Chorale #263 in e minor, also called "Jesu, Meine Freude", was probably one of Bach's favorites. He used it as the basis for several of his longer works, including a motet by the same name (a motet is a lengthy choral composition). Chorale #217 in C Major contains a few seemingly out-of-place dissonant harmonies. In setting words to music, and all of the Chorales are musical settings for words, Bach was a firm believer in making the music fit the words. He was not at all averse to using strange or dissonant harmonies if the words suggested them. Chorale #290 in E Major is a fairly rhythmically active piece, containing numerous little runs, in all four parts, that give this music a very dynamic character. The effect of the final cadence to a tightly-grouped chord is heightened by the dissonance in the passage by which it is preceded. Bach's immense genius is well demonstrated, even if only on a small scale, by Chorale #181 in e minor. In this five phrase piece, the melody from the first phrase is repeated but differently harmonized in the second phrase, and the melody from the third phrase is repeated but differently harmonized in the fourth phrase. The harmonizations in the second and fourth phrases are so different that it is difficult to detect that the melodies are the same.
Chorale #239 in C Major is a rhythmically intricate piece containing a number of suspended notes (a suspended note is a note carried over through a bar line of through a beat). There are in addition a number of short runs the correct rhythmic execution of which requires a quartering of the beat. In Chorale #85 in E Major, as in a great many of the 371 Chorales, there are passages in which the lower parts sound interesting sub-melodies that enrich the music considerably. This is particularly well demonstrated by the alto line in the next to last phrase of this piece, which despite its brevity is a thing of extraordinary beauty. Chorale #81 in a minor is built around a passionate melody of epic proportions. Notice that Bach captured both of these qualities expertly in the harmonization for this piece. Chorale #86 in D Major is of a much less solemn nature, and moves along briskly, with the exception of a single passage in which the rhythms are slowed to very good effect. Notice that this piece ends with a descending Major scale in the soprano line. Notice too the fascinating harmonization with which Bach accompanied this routine succession of notes.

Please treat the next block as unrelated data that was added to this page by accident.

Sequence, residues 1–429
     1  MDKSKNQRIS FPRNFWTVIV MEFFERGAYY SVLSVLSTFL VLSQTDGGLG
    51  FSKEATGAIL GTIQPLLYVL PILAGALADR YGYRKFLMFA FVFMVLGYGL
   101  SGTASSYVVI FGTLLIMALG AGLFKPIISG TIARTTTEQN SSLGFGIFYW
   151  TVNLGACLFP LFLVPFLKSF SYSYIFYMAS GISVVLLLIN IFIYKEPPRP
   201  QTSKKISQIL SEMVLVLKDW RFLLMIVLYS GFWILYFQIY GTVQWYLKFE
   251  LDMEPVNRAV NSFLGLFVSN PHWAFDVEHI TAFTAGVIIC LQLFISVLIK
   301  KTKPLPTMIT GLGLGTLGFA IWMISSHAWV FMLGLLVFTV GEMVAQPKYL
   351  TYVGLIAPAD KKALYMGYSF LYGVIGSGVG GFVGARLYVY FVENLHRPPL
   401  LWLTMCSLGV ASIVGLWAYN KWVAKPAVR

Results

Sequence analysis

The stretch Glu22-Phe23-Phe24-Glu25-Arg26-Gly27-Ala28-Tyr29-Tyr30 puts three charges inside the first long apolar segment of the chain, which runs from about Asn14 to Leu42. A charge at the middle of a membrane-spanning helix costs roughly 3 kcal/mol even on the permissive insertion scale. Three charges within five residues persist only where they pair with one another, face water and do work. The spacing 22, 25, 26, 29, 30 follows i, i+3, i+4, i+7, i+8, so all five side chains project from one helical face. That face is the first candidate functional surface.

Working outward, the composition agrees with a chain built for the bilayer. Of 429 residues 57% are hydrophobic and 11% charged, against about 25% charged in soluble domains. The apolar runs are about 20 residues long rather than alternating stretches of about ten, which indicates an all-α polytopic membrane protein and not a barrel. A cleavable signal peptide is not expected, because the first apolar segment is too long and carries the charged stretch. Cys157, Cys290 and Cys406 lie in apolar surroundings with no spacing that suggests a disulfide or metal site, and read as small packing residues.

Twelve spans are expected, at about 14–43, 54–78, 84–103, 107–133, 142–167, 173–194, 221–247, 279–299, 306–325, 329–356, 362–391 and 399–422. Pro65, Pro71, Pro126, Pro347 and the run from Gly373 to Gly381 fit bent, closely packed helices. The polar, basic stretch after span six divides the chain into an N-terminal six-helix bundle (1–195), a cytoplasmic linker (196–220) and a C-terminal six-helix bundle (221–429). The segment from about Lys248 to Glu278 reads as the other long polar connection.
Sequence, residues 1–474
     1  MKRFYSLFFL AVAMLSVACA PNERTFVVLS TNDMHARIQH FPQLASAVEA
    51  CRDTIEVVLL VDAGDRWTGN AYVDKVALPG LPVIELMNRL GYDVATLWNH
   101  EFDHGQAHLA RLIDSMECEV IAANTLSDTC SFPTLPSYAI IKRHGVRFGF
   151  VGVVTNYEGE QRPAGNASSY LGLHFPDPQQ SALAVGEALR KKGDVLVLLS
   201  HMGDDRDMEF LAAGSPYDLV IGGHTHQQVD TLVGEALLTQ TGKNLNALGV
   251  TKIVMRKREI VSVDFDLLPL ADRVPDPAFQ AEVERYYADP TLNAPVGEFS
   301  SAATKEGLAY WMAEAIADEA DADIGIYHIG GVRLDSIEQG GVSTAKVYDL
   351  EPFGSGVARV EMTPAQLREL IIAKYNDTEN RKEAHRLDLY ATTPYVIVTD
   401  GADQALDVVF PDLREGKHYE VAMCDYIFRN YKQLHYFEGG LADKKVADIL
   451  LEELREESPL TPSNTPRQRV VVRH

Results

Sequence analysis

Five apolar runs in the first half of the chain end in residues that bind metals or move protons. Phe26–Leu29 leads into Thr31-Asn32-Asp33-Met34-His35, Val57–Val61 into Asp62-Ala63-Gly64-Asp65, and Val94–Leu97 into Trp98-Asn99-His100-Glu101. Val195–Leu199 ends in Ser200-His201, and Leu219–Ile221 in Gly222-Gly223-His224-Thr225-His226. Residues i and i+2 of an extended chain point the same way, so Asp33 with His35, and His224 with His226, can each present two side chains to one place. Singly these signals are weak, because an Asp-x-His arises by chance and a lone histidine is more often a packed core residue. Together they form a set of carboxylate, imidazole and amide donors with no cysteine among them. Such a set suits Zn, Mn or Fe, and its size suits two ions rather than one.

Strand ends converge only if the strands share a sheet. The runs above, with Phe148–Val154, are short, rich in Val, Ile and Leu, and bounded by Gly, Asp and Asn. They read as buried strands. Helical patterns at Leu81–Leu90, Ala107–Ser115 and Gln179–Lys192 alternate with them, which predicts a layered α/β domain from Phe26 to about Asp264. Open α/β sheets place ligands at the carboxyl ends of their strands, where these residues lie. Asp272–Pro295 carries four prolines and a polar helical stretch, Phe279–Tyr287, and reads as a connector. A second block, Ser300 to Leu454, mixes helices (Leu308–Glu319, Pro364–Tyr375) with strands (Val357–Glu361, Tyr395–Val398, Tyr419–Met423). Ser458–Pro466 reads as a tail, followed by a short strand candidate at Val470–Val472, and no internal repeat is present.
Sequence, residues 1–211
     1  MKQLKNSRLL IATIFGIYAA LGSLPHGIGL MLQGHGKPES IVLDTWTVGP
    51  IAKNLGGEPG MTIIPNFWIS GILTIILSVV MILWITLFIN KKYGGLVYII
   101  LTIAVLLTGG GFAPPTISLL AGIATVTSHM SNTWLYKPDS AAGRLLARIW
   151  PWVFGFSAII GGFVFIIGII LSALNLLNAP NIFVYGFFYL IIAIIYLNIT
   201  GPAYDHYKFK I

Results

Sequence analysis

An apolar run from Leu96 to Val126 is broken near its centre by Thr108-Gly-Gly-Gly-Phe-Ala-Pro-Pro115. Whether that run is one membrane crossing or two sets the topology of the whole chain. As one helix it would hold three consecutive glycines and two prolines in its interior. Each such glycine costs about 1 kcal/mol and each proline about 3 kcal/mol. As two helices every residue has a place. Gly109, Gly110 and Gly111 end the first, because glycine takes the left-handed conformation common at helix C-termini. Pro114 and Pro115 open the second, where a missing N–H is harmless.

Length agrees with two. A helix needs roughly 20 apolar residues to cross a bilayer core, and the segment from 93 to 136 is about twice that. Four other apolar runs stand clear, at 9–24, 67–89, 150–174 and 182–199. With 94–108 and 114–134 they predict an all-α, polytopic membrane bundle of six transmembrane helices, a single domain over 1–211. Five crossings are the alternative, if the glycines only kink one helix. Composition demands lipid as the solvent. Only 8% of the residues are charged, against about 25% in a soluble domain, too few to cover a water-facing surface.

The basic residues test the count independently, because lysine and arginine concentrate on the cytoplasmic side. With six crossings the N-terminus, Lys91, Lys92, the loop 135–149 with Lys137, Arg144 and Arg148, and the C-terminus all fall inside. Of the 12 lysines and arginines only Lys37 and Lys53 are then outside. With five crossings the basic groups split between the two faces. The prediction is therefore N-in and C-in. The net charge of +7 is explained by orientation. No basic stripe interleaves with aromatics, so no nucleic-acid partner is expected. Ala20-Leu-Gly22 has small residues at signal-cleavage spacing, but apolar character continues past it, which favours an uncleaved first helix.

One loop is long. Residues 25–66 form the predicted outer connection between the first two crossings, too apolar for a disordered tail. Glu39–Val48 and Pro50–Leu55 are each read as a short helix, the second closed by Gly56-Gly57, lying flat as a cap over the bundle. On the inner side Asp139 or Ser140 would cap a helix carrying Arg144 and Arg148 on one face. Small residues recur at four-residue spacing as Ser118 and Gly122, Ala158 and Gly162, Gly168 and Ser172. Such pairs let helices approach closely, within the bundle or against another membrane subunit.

In the guitar ensemble arrangement for Chorale #233 in A Major, both the soprano and alto parts sound notes in the guitar's upper register throughout most of the piece, which gives this music a brilliant character in the guitar ensemble format. In Chorale #207 in d minor, the first two of the four phrases of which this piece is comprised are very rhythmically active and very syncopated in all four parts. In the third and fourth phrases, not nearly as rhythmically active, a contrasting musical style is developed, which reflects the two-part construction of the melody for this piece. Chorale #258 in G Major employs a rather different rhythmic scheme, in which a rhythmically simple melody is accompanied by three rhythmically active parts containing numerous syncopated rhythms.
Chorale #345 in a minor, based on a beautiful and passionately expressive melody, also contains several especially poignant harmonies, and is therefore one of the loveliest of all the Chorales.
Chorale #153 in D Major is a spirited and briskly-paced piece, much of which is characterized by similar rhythms in all four parts. This music is largely shaped by the contrasting effect of the passages in which the parts diverge rhythmically. The Bach Chorales are marvels of musical construction in which the parts seemingly fit together like the pieces of a puzzle. With some Chorales, however, this impression is particularly strong, and every note seems perfectly timed, perfectly pitched, and totally irreplaceable. Chorale #326 in A Major is such a Chorale.
Chorale #340 in d minor is marked by a great deal of rhythmic variety, including homophonic passages (passages in which the rhythm of all the parts is the same), highly syncopated passages, sustained notes, suspended notes, and rhythmic patterns requiring a quartering of the beat. The collection concludes with Chorale #362 in G Major, in which an interesting and purposeful melody is combined with a harmonization so beautiful in places that it simply defies description.